Is your system equipped with a bar code reader for specimen identification? If so, which bar codes can be used for this system? Is bar coding a standard feature?

Does the position of the bar code pose any problems on the tube? Once bar coded, does the tube have to be placed in the cassette holder in any particular position so that the bar code reader can detect and correctly identify the specimen?

Are quality control materials bar coded for easy loading of assay values and automatic assignment to correct QC file?

V. Maintenance

Describe any alarm systems in place for instrument failure or disturbance.

What is the life expectancy of the tubing, laser, circuit boards, pumps, or other major components?

What is the average cost for replacing expensive items such as the circuit boards and laser?

Approximately how many service calls have been made per year for the last three years?

What is the average mean time between service calls for the last three years?

What is the name and address of the nearest authorized service facility to this laboratory?

What is your total parts inventory for your system?

How many technicians are employed at your nearest facility?

How many field service technicians are available for on-site service?

What is the hourly rate for shop labor?

What is the hourly labor rate for field service labor?

What is the average response time that can be expected for a service call to this laboratory?

What is the average delivery time for parts not found in inventory?

About how long will replacement parts be available for your system?

Explain the standard warranty coverage of your instrument.

What is your procedure for handling defective parts or poor quality of materials or workmanship?

For how many years has this particular system been in production?

If your service facility is located outside this city, explain your process for performing warranty work, service not covered under the warranty, and service work performed once the warranty has expired.

Who is responsible for transportation expenses should the unit require service out of town during the warranty period?

What is your method for calculating the transportation expense of out-of-town service?

State (in years) the useful life and expected downtime of your instrument.

What parts of your system are considered consumables and therefore not covered under your service contract? What is the annual usage of these consumables?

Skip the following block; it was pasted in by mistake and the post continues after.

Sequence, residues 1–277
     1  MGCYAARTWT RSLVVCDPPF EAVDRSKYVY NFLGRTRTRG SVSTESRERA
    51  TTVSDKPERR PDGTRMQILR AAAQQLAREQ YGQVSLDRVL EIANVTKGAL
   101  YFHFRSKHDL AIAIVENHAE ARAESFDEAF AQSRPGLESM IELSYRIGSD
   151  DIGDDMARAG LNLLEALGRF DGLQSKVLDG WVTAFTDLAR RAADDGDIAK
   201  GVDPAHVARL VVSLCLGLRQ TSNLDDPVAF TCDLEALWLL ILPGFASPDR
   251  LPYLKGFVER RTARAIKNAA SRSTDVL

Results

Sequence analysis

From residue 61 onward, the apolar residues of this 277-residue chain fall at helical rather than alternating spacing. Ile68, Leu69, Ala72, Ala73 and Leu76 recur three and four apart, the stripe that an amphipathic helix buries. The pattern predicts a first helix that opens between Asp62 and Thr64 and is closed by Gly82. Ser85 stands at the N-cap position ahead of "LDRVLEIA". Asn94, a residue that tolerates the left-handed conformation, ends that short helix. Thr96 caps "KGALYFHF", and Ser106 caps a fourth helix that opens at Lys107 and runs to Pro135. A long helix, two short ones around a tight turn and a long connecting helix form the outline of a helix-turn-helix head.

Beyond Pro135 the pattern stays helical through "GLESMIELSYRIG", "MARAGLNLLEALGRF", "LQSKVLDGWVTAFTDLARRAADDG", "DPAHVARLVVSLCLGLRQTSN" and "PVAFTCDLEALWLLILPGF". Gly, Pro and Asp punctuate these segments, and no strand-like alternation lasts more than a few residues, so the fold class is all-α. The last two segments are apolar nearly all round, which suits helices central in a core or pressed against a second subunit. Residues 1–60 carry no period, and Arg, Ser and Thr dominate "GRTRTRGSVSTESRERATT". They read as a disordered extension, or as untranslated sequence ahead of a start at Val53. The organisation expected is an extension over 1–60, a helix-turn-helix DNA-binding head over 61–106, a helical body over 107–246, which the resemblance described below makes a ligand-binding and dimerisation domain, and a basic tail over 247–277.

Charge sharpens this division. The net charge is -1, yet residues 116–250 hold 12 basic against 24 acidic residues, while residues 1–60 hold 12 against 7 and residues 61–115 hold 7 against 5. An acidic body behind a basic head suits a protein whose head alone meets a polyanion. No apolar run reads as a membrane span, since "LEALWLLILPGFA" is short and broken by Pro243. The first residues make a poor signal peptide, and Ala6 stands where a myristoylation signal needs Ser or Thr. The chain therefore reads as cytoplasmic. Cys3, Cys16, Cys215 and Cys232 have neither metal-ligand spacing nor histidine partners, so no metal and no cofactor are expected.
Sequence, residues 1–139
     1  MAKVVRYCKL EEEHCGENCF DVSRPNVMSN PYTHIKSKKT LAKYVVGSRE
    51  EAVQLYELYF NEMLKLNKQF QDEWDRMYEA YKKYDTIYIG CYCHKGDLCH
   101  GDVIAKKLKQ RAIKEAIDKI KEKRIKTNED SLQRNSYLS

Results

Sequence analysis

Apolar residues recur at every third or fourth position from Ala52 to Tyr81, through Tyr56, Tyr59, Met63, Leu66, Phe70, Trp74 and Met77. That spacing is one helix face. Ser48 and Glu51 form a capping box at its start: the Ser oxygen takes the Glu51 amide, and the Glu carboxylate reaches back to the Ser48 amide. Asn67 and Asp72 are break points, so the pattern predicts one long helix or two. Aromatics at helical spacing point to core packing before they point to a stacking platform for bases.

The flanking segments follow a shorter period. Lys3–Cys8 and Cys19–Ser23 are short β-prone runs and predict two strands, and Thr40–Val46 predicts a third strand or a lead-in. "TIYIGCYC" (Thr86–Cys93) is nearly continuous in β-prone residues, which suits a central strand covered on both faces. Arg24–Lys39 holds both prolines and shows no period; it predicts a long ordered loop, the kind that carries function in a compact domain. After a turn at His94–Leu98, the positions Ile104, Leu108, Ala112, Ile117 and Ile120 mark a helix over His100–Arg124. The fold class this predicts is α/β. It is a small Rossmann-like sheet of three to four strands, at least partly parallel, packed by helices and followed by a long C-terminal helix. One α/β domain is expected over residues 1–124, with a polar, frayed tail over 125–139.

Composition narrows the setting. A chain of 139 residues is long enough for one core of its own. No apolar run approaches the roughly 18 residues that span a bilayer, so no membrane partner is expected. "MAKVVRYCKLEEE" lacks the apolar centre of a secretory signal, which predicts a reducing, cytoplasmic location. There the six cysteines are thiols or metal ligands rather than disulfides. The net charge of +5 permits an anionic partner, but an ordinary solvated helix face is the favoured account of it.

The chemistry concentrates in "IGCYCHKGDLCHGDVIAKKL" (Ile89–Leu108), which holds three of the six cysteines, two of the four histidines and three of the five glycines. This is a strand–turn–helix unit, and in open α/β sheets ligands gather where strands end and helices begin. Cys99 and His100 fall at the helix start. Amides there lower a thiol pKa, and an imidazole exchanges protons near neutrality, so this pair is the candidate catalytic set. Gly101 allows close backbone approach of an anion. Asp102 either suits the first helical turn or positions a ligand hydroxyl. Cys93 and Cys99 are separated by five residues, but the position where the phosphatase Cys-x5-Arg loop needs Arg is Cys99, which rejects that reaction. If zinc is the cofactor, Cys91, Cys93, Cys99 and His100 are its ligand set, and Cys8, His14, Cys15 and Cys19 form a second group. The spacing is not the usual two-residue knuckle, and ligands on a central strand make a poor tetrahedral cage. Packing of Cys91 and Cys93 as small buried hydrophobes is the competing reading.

VI. Specimens

What type of anticoagulant does your system require?

Does the system have microsampling capability? If so, what is the dilution factor?

Can prediluted specimens of capillary blood be used? Will the system autocalculate for the dilution factor?

Do calibrators and control products come in cap-piercing vials?

What mechanism is available on the instrument to reject unsuitable specimens (hemolyzed, clotted, low volume)?

What is the specimen volume required for closed tube, open tube, and capillary specimen analysis?

VII. Reagents

List all required reagents, their functions, and the volumes used in single analysis as well as lapped analyses.

What is the unopened shelf life of each reagent?

What is the opened shelf life of each reagent?

Are reagents only supplied by your company, or are suitable reagents available from other commercial suppliers as well? If so, will using them jeopardize the warranty or the service contract?

What volume of reagents is used for priming the instrument and per run of 2, 25, and 100 specimens?

What reference materials/calibrators are required? What do they cost?

Are other suitable reference materials available for this instrument?

Are reagents prepackaged as a unit or purchased separately?

What is the monthly cost of calibrators and controls?

Do the routine quality control materials also control the quality differential? Must additional materials or procedures be purchased or followed?

Do any reagents require neutralization before discarding? If so, explain the procedure.

Are special calibrators needed and available for calibrations as opposed to day-to-day controls?

Provide detailed costs of all reagents needed to operate your system based on blood specimens per year for our institution.

VIII. Data management


Does your analyzer have a dedicated PC or data management system? Can the data management system be upgraded, and if so, how?